Active Learning through Modeling: Introduction to Software Development in the Business Curriculum,

    Boris Roussev
    ABSTRACT Modern software practices call for the active involvement of business people in the software process. Therefore, programming has become an indispensable part of the information systems component of the core curriculum at business schools. In this paper, we present a model-based approach to teaching introduction to programming to general business students. The theoretical underpinnings of the new approach are metaphor, abstraction, modeling, Bloom's classification of cognitive skills, and active learning. We employ models to introduce the basic programming constructs and their semantics. To this end, we use statecharts to model object's state and the environment model of evaluation as a virtual machine interpreting the programs written in JavaScript. The adoption of this approach helps learners build a sound mental model of the notion of computation process. Scholastic performance, student evaluations, our experiential observations, and a multiple regression statistical test prove that the proposed ideas improve the course significantly. [source]

    Addressing the Systems-based Practice Core Competency: A Simulation-based Curriculum

    Ernest E. Wang MD
    Systems-based practice is one of the six core competencies implemented by the Accreditation Council for Graduate Medical Education to direct residency educational outcome assessment and accreditation. Emergency medicine,specific systems-based practice criteria have been described to define the expected knowledge and skill sets pertinent to emergency medicine practitioners. High-fidelity patient simulation is increasingly used in graduate medical education to augment case-based learning. The authors describe a simulation-based curriculum to address the emergency medicine,specific systems-based practice core competency. [source]

    Complexity and the Culture of Curriculum

    William E. Doll
    Abstract This paper has two main foci: (1) the history of curriculum design, and (2) implications from the new sciences of chaos and complexity for the development of new forms of curriculum design and teaching implementation. Regarding the first focus, the paper posits that there exist,to use Wittgenstein's phrase,,family resemblances' between Peter Ramus' 16th century curriculum design and that of Ralph Tyler in the 20th century. While this 400-year linkage is by no means linear, there are overlapping strands from Ramus to Comenius to the Puritans to colonial New England to Horace Mann to Ralph Tyler. What unites these strands, all belonging to the Protestant Methodization movement that swept across northern Europe into colonial America and the USA, is the concept of Method. Taylor's ,time and motion' studies set the stage for Tyler's Basic Principles of curriculum design,those starting with set goals and concluding with measured assessment. The second focus draws on the new sciences of chaos and complexity to develop a different sense of curriculum and instruction,open, dynamic, relational, creative, and systems oriented. The paper concludes with an integration of the rational/scientific with the aesthetic/spiritual into a view of education and curriculum informed by complexity. [source]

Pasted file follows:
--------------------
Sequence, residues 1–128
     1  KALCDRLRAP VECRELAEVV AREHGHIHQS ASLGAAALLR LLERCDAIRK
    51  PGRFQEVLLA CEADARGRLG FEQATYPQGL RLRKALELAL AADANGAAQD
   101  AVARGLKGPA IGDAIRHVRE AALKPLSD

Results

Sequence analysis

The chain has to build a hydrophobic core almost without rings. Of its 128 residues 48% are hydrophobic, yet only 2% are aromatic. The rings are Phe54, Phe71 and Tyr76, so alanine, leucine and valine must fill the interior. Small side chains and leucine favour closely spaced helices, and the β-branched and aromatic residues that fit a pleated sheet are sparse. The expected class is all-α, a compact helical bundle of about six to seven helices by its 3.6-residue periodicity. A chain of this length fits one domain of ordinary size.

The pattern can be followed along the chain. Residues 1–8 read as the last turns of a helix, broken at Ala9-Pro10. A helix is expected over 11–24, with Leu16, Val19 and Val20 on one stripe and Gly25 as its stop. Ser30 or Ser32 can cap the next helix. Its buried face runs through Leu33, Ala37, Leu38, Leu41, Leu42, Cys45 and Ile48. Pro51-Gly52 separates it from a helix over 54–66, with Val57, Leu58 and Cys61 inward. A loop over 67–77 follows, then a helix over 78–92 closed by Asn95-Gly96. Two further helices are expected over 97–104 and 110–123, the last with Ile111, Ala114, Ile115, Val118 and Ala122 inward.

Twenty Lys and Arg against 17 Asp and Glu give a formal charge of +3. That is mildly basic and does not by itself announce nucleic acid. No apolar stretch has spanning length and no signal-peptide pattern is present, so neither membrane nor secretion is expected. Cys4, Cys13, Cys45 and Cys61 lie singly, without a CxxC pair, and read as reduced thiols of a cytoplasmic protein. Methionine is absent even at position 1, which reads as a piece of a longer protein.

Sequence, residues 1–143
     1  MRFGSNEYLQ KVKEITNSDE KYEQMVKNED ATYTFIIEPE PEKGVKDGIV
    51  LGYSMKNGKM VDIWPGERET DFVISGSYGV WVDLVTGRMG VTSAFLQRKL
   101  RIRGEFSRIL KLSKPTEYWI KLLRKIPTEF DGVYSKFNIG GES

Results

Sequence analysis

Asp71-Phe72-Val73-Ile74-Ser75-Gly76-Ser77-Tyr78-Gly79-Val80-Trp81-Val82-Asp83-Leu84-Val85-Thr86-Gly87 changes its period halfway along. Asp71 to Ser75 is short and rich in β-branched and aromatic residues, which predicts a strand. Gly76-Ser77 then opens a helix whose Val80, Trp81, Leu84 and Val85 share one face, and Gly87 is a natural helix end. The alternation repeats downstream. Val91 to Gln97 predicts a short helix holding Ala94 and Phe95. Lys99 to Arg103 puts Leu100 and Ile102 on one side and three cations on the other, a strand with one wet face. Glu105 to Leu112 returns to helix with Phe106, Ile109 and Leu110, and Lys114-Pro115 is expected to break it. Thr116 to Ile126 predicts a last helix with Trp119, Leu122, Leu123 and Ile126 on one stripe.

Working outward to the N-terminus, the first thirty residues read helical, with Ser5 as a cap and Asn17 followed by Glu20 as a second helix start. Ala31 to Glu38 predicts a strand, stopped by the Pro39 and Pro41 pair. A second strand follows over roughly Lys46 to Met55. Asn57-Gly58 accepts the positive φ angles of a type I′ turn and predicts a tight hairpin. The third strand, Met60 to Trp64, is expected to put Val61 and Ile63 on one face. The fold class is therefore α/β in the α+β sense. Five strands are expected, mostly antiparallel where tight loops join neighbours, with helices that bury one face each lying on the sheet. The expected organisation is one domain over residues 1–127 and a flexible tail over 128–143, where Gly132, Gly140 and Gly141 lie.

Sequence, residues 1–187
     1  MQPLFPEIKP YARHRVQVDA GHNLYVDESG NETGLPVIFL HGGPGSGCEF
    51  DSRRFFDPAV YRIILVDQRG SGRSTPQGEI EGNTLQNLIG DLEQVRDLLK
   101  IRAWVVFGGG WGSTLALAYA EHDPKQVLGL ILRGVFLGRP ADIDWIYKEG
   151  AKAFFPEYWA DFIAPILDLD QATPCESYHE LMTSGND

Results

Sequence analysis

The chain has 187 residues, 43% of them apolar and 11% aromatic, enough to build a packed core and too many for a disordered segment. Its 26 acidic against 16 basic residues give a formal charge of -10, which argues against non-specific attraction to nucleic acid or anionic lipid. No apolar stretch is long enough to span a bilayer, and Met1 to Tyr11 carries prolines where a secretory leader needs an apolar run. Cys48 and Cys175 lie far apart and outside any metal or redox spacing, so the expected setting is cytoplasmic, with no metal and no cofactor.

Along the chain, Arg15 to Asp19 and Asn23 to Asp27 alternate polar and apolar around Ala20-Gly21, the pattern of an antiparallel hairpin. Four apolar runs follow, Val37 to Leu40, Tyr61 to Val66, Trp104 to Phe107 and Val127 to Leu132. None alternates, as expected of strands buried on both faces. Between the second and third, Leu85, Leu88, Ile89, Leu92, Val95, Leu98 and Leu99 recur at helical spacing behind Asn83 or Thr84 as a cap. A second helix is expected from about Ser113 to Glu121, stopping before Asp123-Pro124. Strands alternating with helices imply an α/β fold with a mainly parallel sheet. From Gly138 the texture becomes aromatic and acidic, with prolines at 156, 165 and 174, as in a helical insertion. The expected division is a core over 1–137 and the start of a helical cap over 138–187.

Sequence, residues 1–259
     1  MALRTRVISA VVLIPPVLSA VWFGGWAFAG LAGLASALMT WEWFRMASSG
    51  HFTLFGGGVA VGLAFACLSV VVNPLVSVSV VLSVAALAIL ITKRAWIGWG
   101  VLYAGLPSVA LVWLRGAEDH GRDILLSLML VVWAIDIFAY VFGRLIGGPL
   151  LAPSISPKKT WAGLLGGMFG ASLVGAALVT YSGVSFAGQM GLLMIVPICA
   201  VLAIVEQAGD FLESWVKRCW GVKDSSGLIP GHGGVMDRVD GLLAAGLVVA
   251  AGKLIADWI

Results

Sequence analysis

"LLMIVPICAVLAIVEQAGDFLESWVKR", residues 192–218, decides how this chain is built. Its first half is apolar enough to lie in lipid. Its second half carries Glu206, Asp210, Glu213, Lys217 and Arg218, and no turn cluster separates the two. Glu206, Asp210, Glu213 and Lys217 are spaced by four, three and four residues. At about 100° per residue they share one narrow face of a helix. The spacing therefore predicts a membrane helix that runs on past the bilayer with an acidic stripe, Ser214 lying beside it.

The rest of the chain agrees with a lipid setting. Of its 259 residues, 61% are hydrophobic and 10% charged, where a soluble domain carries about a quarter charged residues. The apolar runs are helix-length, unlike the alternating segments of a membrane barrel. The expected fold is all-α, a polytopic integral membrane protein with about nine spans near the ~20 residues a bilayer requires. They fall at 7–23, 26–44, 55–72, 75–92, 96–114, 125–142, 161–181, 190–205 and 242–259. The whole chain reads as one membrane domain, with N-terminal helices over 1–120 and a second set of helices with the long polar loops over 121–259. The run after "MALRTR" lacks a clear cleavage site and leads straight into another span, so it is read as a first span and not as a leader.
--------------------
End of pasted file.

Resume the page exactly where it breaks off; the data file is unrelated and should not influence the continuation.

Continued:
Alas, Poor Shakespeare: Teaching and Testing at Key Stage 3

    ENGLISH IN EDUCATION, Issue 3 2003
    Jane Coles
    Abstract In this article I briefly consider the ideological impetus for retaining Shakespeare as a compulsory component of the National Curriculum for English. I take issue with the current Key Stage 3 testing regime. In particular, I question the educational value of tests which ultimately undermine what is generally agreed to be good classroom practice and which force on teachers a narrow theoretical perspective of Shakespeare, where close textual analysis and Bradleyan notions of character predominate. [source]